Do teenagers need to go to bed late?

Most of us who either had or have a teenager in the house, experience that they have a strong urge to be awake late at night and consequently sleeping long past what we consider reasonable in the morning. This daily cycle is not a good match with school schedules, that often requires them to attend earlier in the morning, the older the teenagers become. But who is at fault here?

Is it the irresponsible teenager with bad sleeping patters, or is it the school schedules traditional love for early risers?

New scientific results indicate that it is the schools schedule that is out of rhythm with teenager’s biological clock. Melatonin is a natural hormone created by the pineal gland in the brain, and regulates sleep and wakefulness. During adolescence, the production of melatonin in fact begins later in the evening, which delays the feeling of being sleepy and postpones the time the teenagers wake up.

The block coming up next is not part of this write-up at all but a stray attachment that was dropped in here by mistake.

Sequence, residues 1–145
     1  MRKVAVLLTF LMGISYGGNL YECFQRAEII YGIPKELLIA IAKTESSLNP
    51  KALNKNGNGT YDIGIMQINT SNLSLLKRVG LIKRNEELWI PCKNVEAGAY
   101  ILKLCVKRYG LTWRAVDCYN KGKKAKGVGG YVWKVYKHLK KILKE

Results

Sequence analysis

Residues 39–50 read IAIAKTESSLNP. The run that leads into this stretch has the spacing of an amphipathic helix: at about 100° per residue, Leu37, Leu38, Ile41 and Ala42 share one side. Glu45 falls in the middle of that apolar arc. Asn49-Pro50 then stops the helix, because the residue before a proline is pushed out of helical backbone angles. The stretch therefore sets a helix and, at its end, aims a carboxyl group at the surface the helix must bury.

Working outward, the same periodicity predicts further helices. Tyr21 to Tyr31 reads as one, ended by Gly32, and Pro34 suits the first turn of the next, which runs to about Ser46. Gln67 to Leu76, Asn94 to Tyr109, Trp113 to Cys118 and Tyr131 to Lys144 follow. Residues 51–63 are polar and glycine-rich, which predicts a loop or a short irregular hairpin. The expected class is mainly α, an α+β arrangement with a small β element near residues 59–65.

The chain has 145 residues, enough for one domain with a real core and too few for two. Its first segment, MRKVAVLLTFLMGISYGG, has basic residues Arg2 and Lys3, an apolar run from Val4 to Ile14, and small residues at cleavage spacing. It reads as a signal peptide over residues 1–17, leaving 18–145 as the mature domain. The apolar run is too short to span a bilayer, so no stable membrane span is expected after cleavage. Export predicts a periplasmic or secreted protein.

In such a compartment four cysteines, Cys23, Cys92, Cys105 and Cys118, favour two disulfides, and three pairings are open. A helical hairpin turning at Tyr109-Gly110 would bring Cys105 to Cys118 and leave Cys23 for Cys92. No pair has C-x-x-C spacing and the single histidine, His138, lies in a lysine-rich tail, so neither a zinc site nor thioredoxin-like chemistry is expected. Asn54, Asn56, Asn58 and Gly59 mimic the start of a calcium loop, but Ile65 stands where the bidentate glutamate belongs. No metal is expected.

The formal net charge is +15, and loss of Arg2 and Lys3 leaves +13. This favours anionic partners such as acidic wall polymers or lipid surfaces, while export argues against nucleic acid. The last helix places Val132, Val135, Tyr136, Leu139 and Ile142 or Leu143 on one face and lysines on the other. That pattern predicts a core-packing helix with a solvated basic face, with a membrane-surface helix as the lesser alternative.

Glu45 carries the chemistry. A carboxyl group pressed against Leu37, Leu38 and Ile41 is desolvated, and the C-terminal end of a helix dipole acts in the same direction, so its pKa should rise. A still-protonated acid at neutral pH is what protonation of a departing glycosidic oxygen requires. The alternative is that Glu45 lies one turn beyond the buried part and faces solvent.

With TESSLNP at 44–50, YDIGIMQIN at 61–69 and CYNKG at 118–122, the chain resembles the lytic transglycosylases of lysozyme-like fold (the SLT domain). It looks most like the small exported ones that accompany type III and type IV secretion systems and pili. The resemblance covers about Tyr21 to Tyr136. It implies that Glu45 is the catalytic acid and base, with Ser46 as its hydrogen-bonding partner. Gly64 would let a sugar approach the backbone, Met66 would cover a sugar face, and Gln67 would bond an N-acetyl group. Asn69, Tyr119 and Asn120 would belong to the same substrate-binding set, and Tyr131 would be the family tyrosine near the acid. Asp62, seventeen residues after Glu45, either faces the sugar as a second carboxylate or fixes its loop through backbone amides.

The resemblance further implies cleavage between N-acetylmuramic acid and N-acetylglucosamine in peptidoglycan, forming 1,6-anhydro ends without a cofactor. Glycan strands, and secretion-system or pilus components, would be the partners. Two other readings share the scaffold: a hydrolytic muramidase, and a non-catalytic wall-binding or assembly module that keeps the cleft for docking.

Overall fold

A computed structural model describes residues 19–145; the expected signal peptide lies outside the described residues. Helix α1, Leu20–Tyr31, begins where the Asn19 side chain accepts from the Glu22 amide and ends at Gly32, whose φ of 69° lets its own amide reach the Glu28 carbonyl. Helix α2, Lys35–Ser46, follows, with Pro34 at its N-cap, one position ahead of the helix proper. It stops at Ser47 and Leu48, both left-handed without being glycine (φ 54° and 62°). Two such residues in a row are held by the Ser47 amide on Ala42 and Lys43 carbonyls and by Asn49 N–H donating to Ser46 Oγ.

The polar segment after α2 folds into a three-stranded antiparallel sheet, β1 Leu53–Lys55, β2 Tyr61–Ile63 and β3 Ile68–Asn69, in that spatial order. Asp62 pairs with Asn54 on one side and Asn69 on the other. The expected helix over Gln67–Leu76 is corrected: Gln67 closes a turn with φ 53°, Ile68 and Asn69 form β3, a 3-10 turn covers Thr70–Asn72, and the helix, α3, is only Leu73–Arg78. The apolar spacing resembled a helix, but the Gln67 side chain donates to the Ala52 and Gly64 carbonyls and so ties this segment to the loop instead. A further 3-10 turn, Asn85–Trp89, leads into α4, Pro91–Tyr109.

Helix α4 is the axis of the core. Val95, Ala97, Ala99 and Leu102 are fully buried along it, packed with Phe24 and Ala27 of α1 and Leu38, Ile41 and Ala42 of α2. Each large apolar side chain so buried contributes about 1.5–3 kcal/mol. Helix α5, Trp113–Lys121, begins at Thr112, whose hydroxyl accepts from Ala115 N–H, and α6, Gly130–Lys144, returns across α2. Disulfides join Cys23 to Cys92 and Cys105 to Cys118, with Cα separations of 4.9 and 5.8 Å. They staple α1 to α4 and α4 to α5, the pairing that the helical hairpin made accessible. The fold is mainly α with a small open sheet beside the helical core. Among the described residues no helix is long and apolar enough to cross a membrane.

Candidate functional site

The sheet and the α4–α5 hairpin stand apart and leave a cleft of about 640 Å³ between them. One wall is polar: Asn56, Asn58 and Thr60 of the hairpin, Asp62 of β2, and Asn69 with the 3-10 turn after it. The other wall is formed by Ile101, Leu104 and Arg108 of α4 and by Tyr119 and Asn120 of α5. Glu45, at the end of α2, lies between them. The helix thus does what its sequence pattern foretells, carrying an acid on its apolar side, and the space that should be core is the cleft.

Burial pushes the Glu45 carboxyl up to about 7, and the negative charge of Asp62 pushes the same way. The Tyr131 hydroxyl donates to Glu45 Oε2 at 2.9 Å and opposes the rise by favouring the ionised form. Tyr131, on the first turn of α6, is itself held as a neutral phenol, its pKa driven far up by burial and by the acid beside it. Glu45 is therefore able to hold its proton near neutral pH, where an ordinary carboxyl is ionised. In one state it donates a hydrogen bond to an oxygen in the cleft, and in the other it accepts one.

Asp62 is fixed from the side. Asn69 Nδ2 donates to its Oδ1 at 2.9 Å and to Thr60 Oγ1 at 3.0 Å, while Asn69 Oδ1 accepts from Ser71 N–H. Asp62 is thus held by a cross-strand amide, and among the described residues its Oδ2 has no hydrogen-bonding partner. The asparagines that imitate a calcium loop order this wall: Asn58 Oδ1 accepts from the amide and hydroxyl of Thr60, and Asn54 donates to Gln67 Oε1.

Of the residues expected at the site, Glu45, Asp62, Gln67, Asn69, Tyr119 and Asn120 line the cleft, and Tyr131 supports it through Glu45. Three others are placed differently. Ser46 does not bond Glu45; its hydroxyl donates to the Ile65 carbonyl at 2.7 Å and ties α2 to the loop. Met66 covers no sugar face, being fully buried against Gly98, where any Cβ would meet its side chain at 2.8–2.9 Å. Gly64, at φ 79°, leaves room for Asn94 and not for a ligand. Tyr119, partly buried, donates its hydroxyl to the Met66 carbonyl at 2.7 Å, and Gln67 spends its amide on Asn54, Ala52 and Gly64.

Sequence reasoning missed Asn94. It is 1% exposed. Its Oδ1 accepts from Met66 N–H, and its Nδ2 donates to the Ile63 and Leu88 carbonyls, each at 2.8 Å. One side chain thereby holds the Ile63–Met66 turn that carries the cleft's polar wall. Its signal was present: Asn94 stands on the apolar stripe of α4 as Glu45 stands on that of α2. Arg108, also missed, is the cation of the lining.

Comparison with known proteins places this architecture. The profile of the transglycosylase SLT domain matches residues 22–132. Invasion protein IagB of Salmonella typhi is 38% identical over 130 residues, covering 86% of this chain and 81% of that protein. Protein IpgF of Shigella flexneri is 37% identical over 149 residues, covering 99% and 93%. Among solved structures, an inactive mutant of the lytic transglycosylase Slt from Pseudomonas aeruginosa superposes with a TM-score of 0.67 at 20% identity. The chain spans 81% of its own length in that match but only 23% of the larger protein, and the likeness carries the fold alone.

Monkseaton High School in Tyneside UK, performed an experiment where they changed their schedule to be more in sync with the teenager’s biological rhythm. Instead of beginning school at 0900, then began at 1000. This led to some remarkable findings by the scientists, including a neuroscientist from Oxford. Significantly fewer students were late for class, and long-term absence was drastically reduced.

Furthermore, the grades had been significantly improved compared to before the experiment. The principle of the school believes that the this was caused by the time shift, as they did nothing else different during the experiment. By avoiding education when teenagers brains not has woken up, the learning outcomes are drastically improved.

So, why is the sleeping pattern shifted during adolescence?

A lot of science points in the direction that the brain is going through a great transformation during this period. First when the brain has matured, around age 19-21, does this trend reverse, and people feel sleepy earlier in the evening again.

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